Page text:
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Message posted on 06/09/2023

Cfp: Content Moderation on Digital Platforms: Beyond States and Firms

                dear colleagues,
hoping this is of interest.
all best,


The Internet Policy Review has published a call for papers for a
special issue on "Content Moderation on Digital Platforms: Beyond
States and Firms".

Guest Editors of the special issue
Romain Badouard & Anne Bellon

Please find here and below more information :
Abstraction submission deadline : October 31, 2023


Call for papers: Content moderation on digital platforms: beyond
states and firms

Special issue of the Internet Policy Review

Content regulation on digital platforms has attracted growing interest
from scientists and regulators in recent years. In Europe, new legal
initiatives at the national and European level, such as the NetzDG in
Germany, the Law on fake news in France or the Digital Services Act,
transform the power relation between public authorities and private
platforms. At the academic level, these developments are seen
primarily through the lens of state-platform relationship, focusing in
particular on the role of nation states in Internet governance.

However, content regulation on digital platforms goes far beyond this
dual relationship. It encompasses a wide diversity of actors who
develop their own practices of content regulation, apart from, in
partnership with, or against public authorities and firms. Journalists
build up fact-checking procedures to limit the spread of fake news.
Activists put pressure on advertisers in order to cut sources of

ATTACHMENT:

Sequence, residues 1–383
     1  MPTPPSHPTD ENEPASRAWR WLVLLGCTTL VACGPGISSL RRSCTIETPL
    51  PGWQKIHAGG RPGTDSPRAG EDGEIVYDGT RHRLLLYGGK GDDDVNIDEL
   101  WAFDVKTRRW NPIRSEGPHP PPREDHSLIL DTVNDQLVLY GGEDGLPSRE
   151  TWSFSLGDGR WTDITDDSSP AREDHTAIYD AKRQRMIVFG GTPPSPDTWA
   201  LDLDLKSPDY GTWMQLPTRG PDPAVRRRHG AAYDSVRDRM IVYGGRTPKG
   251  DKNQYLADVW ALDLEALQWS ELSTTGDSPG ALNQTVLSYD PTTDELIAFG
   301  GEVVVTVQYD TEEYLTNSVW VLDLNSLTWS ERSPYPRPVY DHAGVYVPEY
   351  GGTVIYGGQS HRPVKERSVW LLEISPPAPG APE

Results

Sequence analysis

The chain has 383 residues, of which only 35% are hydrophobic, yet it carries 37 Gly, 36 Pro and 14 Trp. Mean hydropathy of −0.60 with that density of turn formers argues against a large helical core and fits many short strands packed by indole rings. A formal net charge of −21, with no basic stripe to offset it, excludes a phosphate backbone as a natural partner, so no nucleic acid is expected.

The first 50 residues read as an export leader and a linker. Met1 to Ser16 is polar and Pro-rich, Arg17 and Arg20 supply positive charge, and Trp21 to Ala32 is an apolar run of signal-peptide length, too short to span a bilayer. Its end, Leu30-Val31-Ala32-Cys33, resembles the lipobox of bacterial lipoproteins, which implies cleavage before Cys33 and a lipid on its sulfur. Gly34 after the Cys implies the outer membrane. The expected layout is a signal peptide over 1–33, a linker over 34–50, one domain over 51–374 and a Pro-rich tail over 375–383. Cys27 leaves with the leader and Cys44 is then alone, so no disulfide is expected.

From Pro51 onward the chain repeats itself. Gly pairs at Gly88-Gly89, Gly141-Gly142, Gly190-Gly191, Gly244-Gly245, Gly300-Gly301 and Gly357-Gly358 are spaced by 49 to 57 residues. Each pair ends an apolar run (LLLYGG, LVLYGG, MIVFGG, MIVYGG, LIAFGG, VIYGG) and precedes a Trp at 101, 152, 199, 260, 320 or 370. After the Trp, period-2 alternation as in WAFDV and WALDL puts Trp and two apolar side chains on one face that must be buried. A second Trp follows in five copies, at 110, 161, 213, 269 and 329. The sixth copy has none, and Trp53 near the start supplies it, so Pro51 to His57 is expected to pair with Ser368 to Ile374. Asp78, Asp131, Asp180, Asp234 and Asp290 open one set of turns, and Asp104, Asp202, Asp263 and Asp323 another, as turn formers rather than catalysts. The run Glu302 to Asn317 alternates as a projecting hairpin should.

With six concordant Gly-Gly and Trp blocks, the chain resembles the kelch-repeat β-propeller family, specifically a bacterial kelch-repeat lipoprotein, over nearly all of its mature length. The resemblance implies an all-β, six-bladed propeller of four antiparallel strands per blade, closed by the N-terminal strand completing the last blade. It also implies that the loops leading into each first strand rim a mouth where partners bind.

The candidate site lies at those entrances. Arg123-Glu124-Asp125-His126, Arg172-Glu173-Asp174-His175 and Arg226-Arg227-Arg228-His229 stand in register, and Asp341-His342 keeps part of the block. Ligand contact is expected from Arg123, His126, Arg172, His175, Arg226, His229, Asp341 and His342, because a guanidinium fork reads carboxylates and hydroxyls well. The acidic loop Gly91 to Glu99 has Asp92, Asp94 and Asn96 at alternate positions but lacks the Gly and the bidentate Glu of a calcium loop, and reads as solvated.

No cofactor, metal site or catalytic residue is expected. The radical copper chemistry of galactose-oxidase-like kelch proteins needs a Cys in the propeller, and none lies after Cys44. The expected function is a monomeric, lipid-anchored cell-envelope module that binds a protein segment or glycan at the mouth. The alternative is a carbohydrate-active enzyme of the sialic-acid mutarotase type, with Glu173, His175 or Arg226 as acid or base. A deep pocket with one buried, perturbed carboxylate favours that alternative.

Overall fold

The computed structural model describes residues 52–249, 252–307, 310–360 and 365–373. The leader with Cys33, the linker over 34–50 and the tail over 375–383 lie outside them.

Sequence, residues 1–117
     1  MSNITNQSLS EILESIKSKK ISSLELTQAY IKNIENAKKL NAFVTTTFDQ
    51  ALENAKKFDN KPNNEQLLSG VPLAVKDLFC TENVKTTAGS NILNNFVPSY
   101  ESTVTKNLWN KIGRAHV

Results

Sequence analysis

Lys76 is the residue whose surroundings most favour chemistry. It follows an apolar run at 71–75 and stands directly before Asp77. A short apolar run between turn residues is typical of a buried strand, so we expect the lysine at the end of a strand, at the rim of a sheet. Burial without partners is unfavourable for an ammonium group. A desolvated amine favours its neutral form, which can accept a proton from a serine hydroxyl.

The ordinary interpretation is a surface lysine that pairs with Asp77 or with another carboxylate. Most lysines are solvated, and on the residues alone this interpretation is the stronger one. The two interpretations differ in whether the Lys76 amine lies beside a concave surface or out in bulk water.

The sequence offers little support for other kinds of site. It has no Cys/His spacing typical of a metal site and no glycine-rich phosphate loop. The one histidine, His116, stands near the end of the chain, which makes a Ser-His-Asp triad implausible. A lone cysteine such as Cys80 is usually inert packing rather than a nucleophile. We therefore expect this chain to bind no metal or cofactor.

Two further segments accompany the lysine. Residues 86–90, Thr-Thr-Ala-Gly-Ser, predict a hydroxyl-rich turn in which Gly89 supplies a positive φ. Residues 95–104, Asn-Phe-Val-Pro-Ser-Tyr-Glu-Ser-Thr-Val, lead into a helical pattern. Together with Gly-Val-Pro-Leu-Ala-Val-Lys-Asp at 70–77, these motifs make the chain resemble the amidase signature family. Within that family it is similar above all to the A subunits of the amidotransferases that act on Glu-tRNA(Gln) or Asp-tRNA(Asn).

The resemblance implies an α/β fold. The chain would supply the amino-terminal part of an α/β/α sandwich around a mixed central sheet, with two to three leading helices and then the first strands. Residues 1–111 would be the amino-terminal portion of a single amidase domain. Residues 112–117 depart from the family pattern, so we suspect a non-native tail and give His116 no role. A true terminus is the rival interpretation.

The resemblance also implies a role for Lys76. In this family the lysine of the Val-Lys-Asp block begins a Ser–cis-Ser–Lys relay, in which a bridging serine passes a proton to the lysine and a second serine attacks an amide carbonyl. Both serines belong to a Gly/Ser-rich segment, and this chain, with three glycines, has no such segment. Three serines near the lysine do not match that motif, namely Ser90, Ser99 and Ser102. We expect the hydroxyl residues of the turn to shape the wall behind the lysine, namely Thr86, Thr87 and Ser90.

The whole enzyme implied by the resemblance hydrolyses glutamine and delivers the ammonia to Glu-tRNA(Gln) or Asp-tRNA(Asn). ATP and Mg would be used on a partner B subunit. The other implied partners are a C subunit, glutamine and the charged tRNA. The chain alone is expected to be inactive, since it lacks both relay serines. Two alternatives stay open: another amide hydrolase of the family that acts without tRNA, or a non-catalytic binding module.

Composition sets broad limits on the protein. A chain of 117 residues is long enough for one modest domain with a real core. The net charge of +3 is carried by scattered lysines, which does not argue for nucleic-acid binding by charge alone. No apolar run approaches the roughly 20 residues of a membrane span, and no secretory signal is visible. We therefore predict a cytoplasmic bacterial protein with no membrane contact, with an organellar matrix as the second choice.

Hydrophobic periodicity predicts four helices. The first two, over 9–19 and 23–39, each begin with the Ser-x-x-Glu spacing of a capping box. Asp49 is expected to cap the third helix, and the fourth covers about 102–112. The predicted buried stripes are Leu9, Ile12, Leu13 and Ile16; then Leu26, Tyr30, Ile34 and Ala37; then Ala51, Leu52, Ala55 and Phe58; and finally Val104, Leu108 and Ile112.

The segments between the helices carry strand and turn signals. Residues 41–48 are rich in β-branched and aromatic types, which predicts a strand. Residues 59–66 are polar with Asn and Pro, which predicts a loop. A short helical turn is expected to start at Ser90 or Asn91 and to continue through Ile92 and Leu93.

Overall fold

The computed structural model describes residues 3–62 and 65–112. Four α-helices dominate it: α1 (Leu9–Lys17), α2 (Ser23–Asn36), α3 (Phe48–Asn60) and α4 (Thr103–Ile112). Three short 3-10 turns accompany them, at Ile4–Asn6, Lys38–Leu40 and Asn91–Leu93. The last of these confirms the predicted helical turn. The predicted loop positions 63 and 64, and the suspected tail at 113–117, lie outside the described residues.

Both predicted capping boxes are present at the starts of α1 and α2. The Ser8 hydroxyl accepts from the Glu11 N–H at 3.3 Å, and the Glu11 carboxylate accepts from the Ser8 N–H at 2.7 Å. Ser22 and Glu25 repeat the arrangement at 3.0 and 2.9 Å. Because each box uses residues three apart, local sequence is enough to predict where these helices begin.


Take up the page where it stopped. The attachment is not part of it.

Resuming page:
funding for hate groups. Marketing agencies monetize blacklists of
sites, groups and channels to avoid reputation backlash while
advertising online. Social media users put in practice counter-speech
strategies in order to stem hate speech or circumvent restrictions on
social media. Even researchers develop their own transparency and
accountability indicators to assess platform policies related to
content regulation. Besides, these actors are gradually associated
with the evolution of content regulation through formal partnerships
and multi-stakeholder organizations.

All these actors, and many others, who could be grouped together under
the banner of "civil society", are now actively contributing to
content moderation and regulation on digital platforms. However, their
precise role, their strategies and means of action remain little
studied. Following recent works published in Internet Policy Review,
such as calls for studying content regulation issues beyond the scope
of relationships between states and platforms (Gillespie et al.,
2020), this special issue intends to illustrate the role of “civil
society” in the global governance of speech online, and map the
variety of social groups involved in content moderation. Drawing on
existing work on multistakeholderism that have discussed the
participation of civil society in the global internet governance
(Massit-Folléa, 2014; Raymond, DeNardis, 2015), this special issue
aims at pushing forward the understanding of non-state actors’
contribution in the current internet regulatory framework. It calls
for empirical studies that provide an insight on the social conditions
and materiality of civil society’s contribution to content regulation.

Scope of the special issue

For this special issue we invite contributions that analyze the role
of users, non-profit organizations, media, technical and professional
groups, researchers and other actors from civil society in moderating
and regulating contents on digital platforms, while potentially
discussing their articulation with public authorities and platform
initiatives. Three axes of contribution are envisioned.